Best lenses for the Canon EOS 5DS R: Good glass for landscape, architecture, and close-up photography

By Paul Carroll - Tuesday December 22 2015

Lens Recommendations
Introduction | Best ultra-wide-angle prime: Samyang 14mm f/2.8 IF ED UMC | Best wide-angle prime: Sigma 20mm f/1.4 DG HSM A | Best wide-angle zoom: Sigma 24-35mm f/2 DG HSM A | Best telephoto macro: Carl Zeiss Makro-Planar T 100mm f/2 ZE

Best ultra-wide-angle prime: Samyang 14mm f/2.8 IF ED UMC

On full-frame sensors, an ultra-wide-angle lens is defined as having a focal length of 20mm or less, and is an important lens for architecture and landscape photographers. For architecture, and particularly for interiors where space can be restricted, the ultra-wide field-of-view ensures that you can fit everything in. Rectilinear ultra-wide-angle lenses also keep lines straight, so images don’t suffer as much distortion as with fisheye lenses, which is particularly useful for professionals. Ultra-wide-angle lenses can also be used creatively for more dynamic images, as they exaggerate the space between the near and the far. That makes them popular with landscape photographers who want to emphasize something in the foreground to make it look big and dominating. This effect can also work well for a range of other subjects, as well as portraiture or product photography, with unusual and dramatic effects.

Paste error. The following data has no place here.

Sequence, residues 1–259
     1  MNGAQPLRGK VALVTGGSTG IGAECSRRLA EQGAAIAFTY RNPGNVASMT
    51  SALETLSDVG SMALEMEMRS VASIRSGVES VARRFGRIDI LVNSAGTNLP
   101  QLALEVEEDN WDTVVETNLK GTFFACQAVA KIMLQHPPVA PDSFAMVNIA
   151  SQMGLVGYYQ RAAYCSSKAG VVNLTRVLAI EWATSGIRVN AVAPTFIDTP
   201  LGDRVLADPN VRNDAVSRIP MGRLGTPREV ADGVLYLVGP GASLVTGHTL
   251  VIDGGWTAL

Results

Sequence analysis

We’ve tested four ultra-wide-angle prime lenses on the Canon EOS 5DS R, with scores ranging from a high of 31 points on the Samyang 14mm f/2.8 IF ED UMC Aspherical to a low of 22 points on the Carl Zeiss Distagon T 18mm f/3.5 ZE.



The manual focus $319 Samyang 14mm wins overall with 31 points, offering the best value for money if you can live without autofocus. With 30 points overall, the $2650 Carl Zeiss Distagon T* 15mm f/2.8 costs over 8 times as much, but offers the best lens metrics for sharpness and transmission, as well as for chromatic aberration. At $1999, the Canon 14mm f/2.8L is almost as expensive as the Zeiss, and while comparable for some lens metrics, its sharpness and chromatic aberration are well down compared to the German-made optic.

At the wider aperture settings (f/2.8 and f/4), both the Samyang and Zeiss lenses offer sharper and more homogenous resolution than the Canon 14mm at the same settings. At f/2.8, the Canon 14mm f/2.8L is sharp in the center, but with some edge softness that is improved, but not completely eradicated, by stopping down to f/4. Sharpness is more homogenous on the Canon 14mm between f/5.6 and f/22, with the strongest resolution for the own-brand ultra-wide-angle prime at f/5.6 and f/8. The Zeiss 15mm f/2.8 offers razor-sharp edge-to-edge results between f/2.8 and f/5.6, with resolution at f/8 and f/11 outstanding in the center of the frame, but dropping off a little bit in the outer field. At the minimum f/22 aperture setting on all three lenses, the Samyang actually fares the best for overall sharpness, which is important for landscape photographers looking to extend depth of field.